Minority rights: Freedom or fear

Ardently called Quaid-e-Azam (The Great Leader), the Founder of Pakistan Muhammad Ali Jinnah gave us a free country, with this declaration to the first Constituent Assembly, on August 11, 1947, “You are free to go to your temples, you are free to go to your mosques or to any other place of worship in the state of Pakistan. You may belong to any religion or caste or creed; that has nothing to do with the business of the state.”

Instead of following the golden words of the Quaid that would have given us a place of respect and honour among the nations of the world, we have sowed the seeds of hate that grew into a crop of fear.

Take a look at the record of our anti-minority activities. We must admit that we are increasingly becoming intolerant towards followers of other faiths who we must protect by all means.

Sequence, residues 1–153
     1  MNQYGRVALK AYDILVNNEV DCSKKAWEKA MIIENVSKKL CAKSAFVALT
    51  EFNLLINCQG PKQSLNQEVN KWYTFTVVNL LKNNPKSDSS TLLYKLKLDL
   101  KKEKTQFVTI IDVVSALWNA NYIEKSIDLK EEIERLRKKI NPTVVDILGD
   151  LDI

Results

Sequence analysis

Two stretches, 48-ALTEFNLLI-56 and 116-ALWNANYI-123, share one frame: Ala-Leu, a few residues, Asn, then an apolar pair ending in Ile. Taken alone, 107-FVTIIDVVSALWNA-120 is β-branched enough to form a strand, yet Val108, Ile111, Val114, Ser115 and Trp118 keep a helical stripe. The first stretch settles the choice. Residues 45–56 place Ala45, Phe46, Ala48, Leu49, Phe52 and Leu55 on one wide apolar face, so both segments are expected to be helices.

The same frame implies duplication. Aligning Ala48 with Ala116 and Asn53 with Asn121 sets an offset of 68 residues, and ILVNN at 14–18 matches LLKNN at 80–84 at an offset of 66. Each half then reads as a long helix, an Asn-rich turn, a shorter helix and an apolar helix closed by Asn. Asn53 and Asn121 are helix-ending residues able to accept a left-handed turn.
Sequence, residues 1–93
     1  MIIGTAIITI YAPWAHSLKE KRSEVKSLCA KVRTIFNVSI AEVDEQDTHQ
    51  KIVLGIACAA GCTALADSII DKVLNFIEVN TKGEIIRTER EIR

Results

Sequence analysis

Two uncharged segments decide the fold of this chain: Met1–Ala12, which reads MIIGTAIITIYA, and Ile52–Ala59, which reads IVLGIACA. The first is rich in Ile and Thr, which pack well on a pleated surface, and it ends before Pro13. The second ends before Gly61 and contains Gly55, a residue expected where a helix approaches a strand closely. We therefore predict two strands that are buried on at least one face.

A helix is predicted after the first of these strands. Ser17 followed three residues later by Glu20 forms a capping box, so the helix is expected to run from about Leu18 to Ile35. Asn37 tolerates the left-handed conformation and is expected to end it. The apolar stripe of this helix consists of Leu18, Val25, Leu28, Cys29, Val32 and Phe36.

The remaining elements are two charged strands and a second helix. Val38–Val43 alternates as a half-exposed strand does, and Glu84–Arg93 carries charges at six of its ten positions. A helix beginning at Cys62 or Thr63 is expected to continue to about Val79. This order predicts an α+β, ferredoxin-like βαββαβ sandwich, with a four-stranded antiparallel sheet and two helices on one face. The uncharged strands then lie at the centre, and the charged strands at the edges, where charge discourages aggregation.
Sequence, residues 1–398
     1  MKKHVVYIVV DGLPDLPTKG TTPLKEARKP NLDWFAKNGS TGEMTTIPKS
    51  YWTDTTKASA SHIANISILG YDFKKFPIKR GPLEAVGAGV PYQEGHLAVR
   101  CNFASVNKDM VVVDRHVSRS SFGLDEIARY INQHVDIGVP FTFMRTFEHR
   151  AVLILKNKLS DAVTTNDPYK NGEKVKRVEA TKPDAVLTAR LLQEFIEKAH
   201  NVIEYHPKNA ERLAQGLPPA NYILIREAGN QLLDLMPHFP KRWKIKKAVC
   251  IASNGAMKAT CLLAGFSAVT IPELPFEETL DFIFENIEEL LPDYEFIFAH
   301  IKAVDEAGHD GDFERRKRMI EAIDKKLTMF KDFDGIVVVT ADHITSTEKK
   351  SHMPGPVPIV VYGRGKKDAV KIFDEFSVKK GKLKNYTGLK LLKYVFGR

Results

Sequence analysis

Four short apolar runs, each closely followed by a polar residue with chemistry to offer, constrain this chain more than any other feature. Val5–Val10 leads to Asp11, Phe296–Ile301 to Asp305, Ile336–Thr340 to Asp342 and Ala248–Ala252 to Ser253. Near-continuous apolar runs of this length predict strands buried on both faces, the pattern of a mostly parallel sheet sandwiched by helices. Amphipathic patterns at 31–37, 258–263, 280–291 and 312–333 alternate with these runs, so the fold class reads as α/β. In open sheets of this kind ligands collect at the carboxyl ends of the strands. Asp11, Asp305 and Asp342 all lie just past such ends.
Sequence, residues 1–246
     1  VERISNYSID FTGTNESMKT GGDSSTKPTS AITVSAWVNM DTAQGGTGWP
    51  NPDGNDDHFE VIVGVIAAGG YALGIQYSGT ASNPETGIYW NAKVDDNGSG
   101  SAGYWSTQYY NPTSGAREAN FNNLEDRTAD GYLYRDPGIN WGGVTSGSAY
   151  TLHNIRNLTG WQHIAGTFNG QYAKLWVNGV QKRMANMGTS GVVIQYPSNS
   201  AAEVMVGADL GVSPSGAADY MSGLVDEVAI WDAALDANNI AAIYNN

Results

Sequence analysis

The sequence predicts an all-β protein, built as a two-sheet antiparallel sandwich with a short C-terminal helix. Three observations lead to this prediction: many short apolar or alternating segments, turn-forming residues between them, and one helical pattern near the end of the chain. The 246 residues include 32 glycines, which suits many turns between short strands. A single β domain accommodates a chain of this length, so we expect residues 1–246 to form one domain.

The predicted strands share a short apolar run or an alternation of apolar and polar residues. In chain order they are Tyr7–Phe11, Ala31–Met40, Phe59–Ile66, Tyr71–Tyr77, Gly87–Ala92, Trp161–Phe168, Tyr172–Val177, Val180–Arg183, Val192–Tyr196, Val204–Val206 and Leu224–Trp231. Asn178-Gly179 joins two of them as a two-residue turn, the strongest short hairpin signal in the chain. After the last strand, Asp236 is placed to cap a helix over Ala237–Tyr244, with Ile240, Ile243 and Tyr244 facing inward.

Some communities are frequently targeted. We barely talk about those who are under constant threat for their lives, honour and businesses.

In Lahore, recently, at least 14 conferences were held where speakers spoke out against Ahmadis, instigating the audience to boycott, banish or even kill them, or to make their lives hard at the very least. Loud-speakers blared and fiery speeches were delivered. No state machinery took any action against the organisers even though the administration could do so under Section 153-A of the Pakistan Penal Code. Large police contingents were deputed there but they took no action against the hate campaign.

The world, generally tolerant about us, keeps a watch over how we treat our own minorities. It will certainly pressure us if we do not take the alarming situation seriously, and soon. If we continue to harass the members of minority groups, they will continue to migrate and take refuge abroad. Pakistan’s image will thus be tarnished.

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